A few years ago, I returned to my old school for a memorial service. As I left, I saw a small group of smartly dressed men in their late seventies. They had strong Coventry accents and intended to “go down the club” after the service. It occurred to me that they represented the small number of working-class lads who, in the years immediately after the Second World War, were lucky enough to pass the eleven-plus and (no doubt with their parents making huge sacrifices) attend “the grammar”. But by the time I moved up to King Henry VIII’s senior school in 1963 there appeared to be no one in my A-stream class from a working-class background.

From the early 1950s, many of the newly affluent middle classes used their financial power to give their children an advantage in terms of selection. My parents paid for a privileged education that placed top importance on preparation for the eleven-plus. In my class, only one boy failed the life-determining test. Today, no less than 13 per cent of entrants to the 163 grammar schools still in the state system are privately educated. No wonder preparatory schools have responded enthusiastically to Theresa May’s plans to reverse the educational orthodoxy of the past five decades.

Nowhere has the rebranding of secondary moderns as “comprehensives” been more shameless than in Kent, where the Conservative-controlled council has zealously protected educational selection. Each secondary modern in east Kent, where I taught in the 1970s, has since been named and renamed in a fruitless attempt to convince students that failing to secure a place at grammar school makes no difference to their educational experience and prospects. That is a hard message to sell to the two-thirds of ten-year-olds who fail the Kent test.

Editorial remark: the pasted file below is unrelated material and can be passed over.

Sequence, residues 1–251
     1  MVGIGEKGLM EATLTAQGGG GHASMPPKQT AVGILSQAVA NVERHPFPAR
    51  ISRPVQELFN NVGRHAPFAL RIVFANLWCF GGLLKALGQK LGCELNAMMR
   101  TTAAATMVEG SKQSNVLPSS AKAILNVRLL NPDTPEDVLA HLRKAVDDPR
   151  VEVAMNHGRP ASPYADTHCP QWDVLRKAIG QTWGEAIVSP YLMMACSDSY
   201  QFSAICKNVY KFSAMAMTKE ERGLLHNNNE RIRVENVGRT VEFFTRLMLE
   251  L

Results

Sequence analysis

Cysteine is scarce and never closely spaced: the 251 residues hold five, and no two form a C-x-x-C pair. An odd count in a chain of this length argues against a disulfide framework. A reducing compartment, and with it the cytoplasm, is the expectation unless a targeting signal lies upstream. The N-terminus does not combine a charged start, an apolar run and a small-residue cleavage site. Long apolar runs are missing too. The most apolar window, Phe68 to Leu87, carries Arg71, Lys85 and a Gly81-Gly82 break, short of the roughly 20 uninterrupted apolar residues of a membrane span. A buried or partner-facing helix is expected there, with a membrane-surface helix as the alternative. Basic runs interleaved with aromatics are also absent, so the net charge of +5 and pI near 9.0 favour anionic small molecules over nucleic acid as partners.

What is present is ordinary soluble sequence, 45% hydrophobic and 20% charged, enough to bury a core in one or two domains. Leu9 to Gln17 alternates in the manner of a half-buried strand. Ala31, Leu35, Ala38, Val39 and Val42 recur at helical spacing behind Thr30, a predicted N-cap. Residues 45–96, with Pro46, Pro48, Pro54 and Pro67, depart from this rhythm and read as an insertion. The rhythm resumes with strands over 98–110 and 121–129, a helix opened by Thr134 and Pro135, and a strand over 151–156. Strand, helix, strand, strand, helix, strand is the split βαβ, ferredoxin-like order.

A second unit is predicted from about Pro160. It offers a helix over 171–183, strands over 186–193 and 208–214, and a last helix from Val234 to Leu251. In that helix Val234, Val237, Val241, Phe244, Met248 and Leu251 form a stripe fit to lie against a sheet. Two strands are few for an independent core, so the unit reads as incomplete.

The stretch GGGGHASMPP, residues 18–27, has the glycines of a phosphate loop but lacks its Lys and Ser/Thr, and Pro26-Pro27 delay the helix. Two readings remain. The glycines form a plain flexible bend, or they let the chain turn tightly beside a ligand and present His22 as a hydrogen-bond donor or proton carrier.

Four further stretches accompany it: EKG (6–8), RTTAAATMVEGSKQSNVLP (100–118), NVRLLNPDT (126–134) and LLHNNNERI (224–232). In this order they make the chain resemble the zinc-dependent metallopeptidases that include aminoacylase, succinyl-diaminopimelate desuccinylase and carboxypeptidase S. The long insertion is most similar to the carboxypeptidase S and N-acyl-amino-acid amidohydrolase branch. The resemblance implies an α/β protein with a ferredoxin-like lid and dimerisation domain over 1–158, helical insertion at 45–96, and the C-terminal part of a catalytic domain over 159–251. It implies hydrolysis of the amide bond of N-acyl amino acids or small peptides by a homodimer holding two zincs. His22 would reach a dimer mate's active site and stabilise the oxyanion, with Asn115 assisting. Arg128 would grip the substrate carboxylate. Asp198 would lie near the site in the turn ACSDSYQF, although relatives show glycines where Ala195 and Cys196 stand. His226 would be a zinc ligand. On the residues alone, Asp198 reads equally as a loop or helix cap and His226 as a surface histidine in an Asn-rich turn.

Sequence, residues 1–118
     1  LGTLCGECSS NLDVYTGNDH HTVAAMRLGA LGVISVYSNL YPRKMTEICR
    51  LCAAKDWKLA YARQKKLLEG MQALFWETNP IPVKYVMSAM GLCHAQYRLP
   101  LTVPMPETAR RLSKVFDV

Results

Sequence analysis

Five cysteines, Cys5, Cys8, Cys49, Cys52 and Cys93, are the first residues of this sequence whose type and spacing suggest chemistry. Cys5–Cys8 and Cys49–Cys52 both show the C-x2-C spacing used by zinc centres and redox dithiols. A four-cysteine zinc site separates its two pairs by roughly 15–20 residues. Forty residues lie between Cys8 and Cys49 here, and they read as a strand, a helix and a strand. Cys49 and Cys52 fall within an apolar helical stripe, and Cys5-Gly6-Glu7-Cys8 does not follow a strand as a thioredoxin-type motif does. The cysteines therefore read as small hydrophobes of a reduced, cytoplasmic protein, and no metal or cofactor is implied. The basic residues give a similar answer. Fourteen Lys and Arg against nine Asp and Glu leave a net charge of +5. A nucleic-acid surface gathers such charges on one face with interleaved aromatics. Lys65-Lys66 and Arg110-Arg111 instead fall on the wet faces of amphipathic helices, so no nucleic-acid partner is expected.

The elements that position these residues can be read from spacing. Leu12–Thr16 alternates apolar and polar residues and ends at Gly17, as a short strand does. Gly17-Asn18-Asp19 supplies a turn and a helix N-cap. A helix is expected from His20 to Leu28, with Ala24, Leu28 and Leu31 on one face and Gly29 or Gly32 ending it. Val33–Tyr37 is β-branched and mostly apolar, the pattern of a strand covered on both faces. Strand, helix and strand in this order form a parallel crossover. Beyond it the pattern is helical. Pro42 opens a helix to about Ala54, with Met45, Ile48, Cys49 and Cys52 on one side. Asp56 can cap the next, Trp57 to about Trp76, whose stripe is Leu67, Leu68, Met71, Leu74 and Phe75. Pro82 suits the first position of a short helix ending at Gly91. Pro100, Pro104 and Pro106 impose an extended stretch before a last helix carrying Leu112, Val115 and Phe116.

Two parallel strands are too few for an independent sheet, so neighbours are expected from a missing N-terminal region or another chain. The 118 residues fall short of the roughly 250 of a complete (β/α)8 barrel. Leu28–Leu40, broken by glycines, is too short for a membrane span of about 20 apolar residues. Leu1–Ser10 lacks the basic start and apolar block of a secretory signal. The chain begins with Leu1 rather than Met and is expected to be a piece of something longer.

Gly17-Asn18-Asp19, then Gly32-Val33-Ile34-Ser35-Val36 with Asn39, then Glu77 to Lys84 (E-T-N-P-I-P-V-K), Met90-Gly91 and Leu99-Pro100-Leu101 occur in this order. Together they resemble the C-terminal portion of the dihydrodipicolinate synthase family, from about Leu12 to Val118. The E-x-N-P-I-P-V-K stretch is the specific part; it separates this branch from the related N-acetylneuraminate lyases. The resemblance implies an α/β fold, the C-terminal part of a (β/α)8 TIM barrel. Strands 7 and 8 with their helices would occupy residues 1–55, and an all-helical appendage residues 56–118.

Investment and academy status have transformed the teaching environment, which a generation ago was disgraceful (I recall the lower school of a secondary modern in Canterbury as almost literally Edwardian). Ofsted inspections confirm that teachers in non-grammar schools do an amazing job, against all the odds. Nevertheless, selection reinforces social deprivation and limited aspiration in the poorest parts of the south-east of England, notably Thanet and the north Kent coastline.

A third of children in Thanet live in poverty. According to local sources (including a cross-party report of Kent councillors in 2014), disadvantaged children make up less than 9 per cent of pupils in grammar schools but 30 per cent at secondary moderns. University admissions tutors confirm the low number of applications from areas such as Thanet relative to the UK average. Though many of Kent’s secondary moderns exceed expectations, the county has the most underperforming schools in the UK.

When I began my teaching career, I was appallingly ignorant of the harsh realities of a secondary education for children who are told at the age of 11 that they are failures. Spending the years from seven to 17 at King Henry VIII School had cocooned me. More than 40 years later, I can see how little has changed in Kent – and yet, perversely, the Prime Minister perceives the county’s education system as a model for the future.

This article first appeared in the 22 September 2016 issue of the New Statesman, The New Times